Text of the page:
Abstract: The paper focuses on intertemporal tax competition between jurisdictions that differ in size. Given that the existing literature is mainly based on static models, it is in- teresting to investigate which new insights tax competition in an intertemporal setting may provide. In this respect, how does the fact that agents anticipate possible future changes, once they moved capital abroad, modify their behavior and the tax policy of the competing jurisdictions? Does tax competition become more intense? Are capital outflows and tax losses incurred by high tax jurisdictions exacerbated ? To answer these questions, we assume that a small and a large country compete for internationally mobile capital within a two-period model. We demonstrate that tax competition is less fierce in an intertemporal setting relative to a static one. It also appears that the tax loss of the large country induced by tax competition is higher relative to a static model. This means that tax competition becomes more deleterious for the country that suffers from capital outflows.
    Keywords: Intertemporal tax competition, Mobile capital, Home attachment, Country size asymmetry
    JEL: F21 H21 H73
    Date: 2018
  9. By: Wiljan van den Berge (CPB Netherlands Bureau for Economic Policy Analysis); Egbert Jongen (CPB Netherlands Bureau for Economic Policy Analysis); Karen van der Wiel (CPB Netherlands Bureau for Economic Policy Analysis)
    Abstract: Policymakers are concerned about potential underinvestment in lifelong learning. In this paper we study to what extent a tax deduction helps to stimulate post-initial training. Speci fically, we employ a regression kink and regression discontinuity design as jumps in tax bracket rates generate exogenous variation in the effective costs of lifelong learning. Using high quality data on tax returns of the universe of Dutch taxpayers, we nd that the tax deduction has heterogeneous effects on lifelong learning. Low-income singles show no response. For high-income singles we nd an effect of 10% on the probability to use the tax deduction. Furthermore, ignoring shifting of expenses between partners leads to spurious large estimates for primary earners and spurious negative estimates for secondary earners.
    JEL: C21 H20 J24
    Date: 2017–06
  10. By: Michal Horvath (University of York); Matus Senaj (Council for Budget Responsibility); Zuzana Siebertova (Council for Budget Responsibility); Norbert Svarda (Council for Budget Responsibility); Jana Valachyova (Council for Budget Responsibility)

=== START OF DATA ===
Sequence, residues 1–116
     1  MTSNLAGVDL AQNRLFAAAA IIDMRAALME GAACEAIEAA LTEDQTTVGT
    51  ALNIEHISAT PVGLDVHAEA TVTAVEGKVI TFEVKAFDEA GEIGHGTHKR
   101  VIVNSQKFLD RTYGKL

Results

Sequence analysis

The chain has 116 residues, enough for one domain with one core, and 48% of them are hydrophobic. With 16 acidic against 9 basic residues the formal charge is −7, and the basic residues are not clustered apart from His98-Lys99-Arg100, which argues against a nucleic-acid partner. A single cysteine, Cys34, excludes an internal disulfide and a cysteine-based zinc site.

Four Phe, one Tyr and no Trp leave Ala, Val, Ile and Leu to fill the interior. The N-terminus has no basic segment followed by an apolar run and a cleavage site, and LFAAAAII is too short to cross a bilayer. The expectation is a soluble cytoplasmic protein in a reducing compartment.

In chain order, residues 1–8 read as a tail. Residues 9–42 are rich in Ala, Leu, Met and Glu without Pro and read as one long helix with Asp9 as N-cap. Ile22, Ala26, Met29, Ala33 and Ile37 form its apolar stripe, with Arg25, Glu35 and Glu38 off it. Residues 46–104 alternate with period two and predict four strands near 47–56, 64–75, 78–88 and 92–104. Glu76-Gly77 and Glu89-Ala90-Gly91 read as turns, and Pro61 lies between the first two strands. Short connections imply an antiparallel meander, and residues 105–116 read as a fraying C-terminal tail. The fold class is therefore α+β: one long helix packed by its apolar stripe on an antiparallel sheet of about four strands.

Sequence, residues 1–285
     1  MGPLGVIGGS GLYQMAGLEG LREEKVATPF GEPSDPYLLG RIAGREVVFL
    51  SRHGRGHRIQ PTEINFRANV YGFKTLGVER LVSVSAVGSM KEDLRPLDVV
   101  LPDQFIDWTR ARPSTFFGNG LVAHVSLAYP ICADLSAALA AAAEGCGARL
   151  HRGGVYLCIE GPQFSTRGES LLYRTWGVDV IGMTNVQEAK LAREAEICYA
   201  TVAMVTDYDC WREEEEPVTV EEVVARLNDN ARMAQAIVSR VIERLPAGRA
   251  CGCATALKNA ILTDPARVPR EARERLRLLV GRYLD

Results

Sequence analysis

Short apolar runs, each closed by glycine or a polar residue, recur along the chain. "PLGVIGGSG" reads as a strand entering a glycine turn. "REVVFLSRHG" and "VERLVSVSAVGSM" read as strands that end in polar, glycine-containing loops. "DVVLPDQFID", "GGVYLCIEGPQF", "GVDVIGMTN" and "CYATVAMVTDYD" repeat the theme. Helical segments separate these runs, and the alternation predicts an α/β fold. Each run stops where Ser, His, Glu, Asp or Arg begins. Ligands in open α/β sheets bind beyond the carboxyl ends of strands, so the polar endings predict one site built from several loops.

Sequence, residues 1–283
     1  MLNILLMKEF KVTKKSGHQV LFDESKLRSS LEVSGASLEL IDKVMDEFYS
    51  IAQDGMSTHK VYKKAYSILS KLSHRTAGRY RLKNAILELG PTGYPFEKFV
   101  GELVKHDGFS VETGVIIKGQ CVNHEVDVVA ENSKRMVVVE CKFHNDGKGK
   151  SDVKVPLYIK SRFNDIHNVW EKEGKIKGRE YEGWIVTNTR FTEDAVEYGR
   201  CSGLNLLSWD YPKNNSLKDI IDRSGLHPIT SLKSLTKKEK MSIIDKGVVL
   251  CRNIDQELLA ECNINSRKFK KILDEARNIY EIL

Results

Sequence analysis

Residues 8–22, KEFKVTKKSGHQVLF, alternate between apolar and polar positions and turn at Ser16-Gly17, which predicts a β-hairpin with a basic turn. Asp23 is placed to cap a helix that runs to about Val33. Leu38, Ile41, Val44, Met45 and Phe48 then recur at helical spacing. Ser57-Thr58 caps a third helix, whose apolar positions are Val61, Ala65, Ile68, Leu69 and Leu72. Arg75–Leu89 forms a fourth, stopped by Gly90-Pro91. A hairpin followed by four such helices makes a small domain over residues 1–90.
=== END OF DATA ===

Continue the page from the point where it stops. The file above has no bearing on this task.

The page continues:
Abstract: The paper introduces a new way of linking microsimulation models with dynamic general equilibrium frameworks to obtain an evaluation of the impact of detailed tax and benefit measures on the aggregate economy. The approach involving polynomial approximation to aggregated output from behavioural microsimulation permits the solution for the long-run steady state and the transition path in one numerical simulation of the dynamic aggregate economy. The practical usefulness of the approach is demonstrated by evaluating actual and hypothetical tax reforms in the context of Slovakia.
    Keywords: microsimulation, dynamic general equilibrium, unemployment, labour supply elasticity, tax reform
    JEL: E24 H24 H31 J22
    Date: 2018–04
  11. By: Marco Cozzi (Department of Economics, University of Victoria)
    Abstract: This paper characterizes quantitatively the optimal capital income tax rate in an OLG economy with uninsurable income risk, incomplete markets and endogenous Schumpeterian growth. Contrary to the most recent literature, it is found that it is virtually never optimal to tax capital: under the optimal scheme, in a series of cases, the highest proportional tax rate on capital is found to be less than 0.2%. The reason for this result lies in the reduced GDP (and wage) growth rate stemming from a higher capital tax rate. In General Equilibrium, the interest rate rises, and the increased cost of capital reduces the endogenous rate of innovation, leading to a negative response of the growth rate. Although the equilibrium effect on the growth rate is found to be quantitatively modest (approximately half a percentage point), it still has a first order consequence on welfare. The results show that moving to the optimal income tax schedule entails large welfare gains, approximately 5% in consumption equivalent. The results are robust along a number of dimensions, including the specification of preferences. An alternative formulation of the utility function,taken from a class consistent with a Balanced Growth Path, is calibrated to obtain an empirically plausible value for the Frisch elasticity of 0.5, and confirms all the results, both qualitatively and quantitatively. JEL Classification: D15, E21, H21, O41
    Keywords: Capital and Income Taxation, Heterogeneous Agents, Incomplete Markets,Endogenous Growth, Welfare.
    Date: 2018–04–17
  12. By: Hauck, Tobias
    Abstract: Despite a variety of measures taken by high tax countries, the international fight against tax havens so far remained rather ineffective. This paper introduces lobbying as a possible explanation for this observation. I analyze the international fight against tax havens in a two country model in which the onshore country exerts pressure on domestic profit shifting firms and the low tax country lobbies against this measure. In this framework, I find that pressure and lobbying are strategic substitutes and that there is an extensive margin incentive for offshore lobbying. I also show that an increase in international integration leads to a decrease in the level of profit shifting, when starting out at high levels of international frictions. Finally, when allowing for a second low tax jurisdiction, the overall level of lobbying increases, but less than proportionally, as free-riding occurs.
    Keywords: International Taxation; Tax Avoidance; Pressure Policies; Tax Havens; International Lobbying
    JEL: H25 H26 F23
    Date: 2018–04